The 18th century, called the Enlightenment Era, brought about many social and cultural changes and developments. This century is also a period in which the modern system of fine arts emerged and, unlike the previous century, many cultural institutions appeared and began to rise in history. This century, which is very important for art and art institutions, points to a period in which not only the aristocracy but also the developing middle class wanted to connect with art. In addition to all these features, the Enlightenment in Europe has made great efforts to define female identity. For this process, it is possible to say that women, who started to appear in the “public sphere” theorized by Habermas, started to assume roles in the production of ideas, knowledge, and art. However, in the Age of Reason, the visibility of female artists is challenging, because, under the circumstances, women's opportunities to engage in art are more likely to fall into the rights of men. In fact, among the roles and rights of women defined by strict social conventions, artistry stands in a very controversial place. Following the footsteps of female artists, this paper follows an analytical and biographical approach in terms of methodology. Considering the conditions such as social structure, cultural environment and political atmosphere of the period, this study summarizes the position of art and artist and then sheds light on the conditions and efforts of women artists to gain visibility in the art world. For this reason, the cornerstones and obstacles that the female artist encounters on her way to exist as an artist in this period, in general, were the basis of the text. Furthermore, the artistic productions, working conditions and relations with the patronage system of the professional female artists who left their mark on the period were examined by considering social factors. Therefore, in this study the main discussion encounters the efforts of female artists to step into professionalism, entering into Louvre and gaining success in Salon exhibitions, being members of academies and the dilemmas they face during this process. All these issues are stated considering the current position of the art market and the gender model of the period.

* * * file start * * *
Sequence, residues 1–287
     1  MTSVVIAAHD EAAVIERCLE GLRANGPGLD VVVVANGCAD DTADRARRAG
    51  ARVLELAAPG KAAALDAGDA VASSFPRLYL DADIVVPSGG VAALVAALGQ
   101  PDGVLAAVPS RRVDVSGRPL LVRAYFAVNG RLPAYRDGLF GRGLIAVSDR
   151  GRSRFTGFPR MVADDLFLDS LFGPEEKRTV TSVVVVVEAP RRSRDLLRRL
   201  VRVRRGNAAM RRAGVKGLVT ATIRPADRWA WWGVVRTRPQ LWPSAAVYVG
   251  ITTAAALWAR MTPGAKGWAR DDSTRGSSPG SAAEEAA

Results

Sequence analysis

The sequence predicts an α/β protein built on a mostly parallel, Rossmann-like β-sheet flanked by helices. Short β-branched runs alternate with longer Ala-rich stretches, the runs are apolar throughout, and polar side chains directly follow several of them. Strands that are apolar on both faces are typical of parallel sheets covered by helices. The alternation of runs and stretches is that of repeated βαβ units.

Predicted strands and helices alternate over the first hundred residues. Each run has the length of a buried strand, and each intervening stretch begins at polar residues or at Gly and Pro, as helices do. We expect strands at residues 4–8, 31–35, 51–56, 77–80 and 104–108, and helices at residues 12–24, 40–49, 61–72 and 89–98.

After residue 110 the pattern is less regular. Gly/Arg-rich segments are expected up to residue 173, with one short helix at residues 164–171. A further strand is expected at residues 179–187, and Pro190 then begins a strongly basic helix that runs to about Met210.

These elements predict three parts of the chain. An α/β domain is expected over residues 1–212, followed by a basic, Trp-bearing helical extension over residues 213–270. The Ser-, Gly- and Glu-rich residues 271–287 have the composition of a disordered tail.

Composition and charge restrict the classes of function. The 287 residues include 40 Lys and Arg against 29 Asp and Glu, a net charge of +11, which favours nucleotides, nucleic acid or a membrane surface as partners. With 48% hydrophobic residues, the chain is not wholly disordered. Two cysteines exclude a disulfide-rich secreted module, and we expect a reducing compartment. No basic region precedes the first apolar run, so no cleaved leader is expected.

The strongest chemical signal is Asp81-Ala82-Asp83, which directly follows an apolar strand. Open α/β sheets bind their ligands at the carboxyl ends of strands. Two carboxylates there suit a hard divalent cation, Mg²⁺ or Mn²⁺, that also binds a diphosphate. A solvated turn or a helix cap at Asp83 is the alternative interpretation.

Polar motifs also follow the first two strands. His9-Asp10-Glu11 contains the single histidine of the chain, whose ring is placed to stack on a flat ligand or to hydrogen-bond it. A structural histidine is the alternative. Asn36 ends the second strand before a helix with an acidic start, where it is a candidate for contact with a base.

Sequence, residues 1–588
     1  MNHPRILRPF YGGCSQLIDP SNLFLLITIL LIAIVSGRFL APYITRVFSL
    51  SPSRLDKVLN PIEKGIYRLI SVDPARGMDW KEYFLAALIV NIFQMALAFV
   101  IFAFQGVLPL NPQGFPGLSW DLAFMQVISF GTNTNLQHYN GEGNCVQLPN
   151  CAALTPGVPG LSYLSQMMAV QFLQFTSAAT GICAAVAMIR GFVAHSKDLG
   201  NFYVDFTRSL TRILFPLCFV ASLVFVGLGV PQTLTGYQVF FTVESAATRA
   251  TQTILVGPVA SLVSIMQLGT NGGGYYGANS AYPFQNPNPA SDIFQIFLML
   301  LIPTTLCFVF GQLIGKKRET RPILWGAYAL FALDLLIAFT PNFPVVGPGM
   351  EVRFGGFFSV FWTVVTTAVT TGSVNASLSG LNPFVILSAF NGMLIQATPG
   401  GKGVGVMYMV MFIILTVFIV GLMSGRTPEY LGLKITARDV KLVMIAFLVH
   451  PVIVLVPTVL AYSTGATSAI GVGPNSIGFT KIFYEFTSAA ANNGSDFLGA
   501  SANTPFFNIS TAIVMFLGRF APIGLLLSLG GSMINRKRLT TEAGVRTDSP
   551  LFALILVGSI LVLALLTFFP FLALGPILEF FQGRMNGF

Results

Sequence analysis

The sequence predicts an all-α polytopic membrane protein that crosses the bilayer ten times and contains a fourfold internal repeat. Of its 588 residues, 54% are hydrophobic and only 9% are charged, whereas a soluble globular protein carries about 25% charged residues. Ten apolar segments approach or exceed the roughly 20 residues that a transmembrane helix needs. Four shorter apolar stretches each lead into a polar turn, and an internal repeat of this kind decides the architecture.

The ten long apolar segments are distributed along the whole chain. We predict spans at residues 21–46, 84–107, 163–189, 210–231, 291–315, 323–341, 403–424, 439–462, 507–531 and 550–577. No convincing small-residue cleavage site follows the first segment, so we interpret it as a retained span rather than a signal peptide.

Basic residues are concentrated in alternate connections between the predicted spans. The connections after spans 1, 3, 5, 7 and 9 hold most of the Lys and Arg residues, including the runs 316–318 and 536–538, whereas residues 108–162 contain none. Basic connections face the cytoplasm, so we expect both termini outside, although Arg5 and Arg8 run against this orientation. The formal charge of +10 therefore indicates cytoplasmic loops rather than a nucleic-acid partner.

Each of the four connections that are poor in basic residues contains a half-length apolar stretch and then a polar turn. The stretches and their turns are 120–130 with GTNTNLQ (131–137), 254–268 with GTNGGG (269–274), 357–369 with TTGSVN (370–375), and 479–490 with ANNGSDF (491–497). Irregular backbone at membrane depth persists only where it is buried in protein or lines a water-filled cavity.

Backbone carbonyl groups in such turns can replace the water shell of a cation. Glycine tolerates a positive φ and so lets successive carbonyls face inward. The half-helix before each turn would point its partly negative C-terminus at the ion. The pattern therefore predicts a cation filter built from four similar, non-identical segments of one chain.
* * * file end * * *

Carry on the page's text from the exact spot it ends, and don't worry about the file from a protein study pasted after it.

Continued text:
Enlightenment, Louvre, Salon Exhibitions, Women Artists, Gender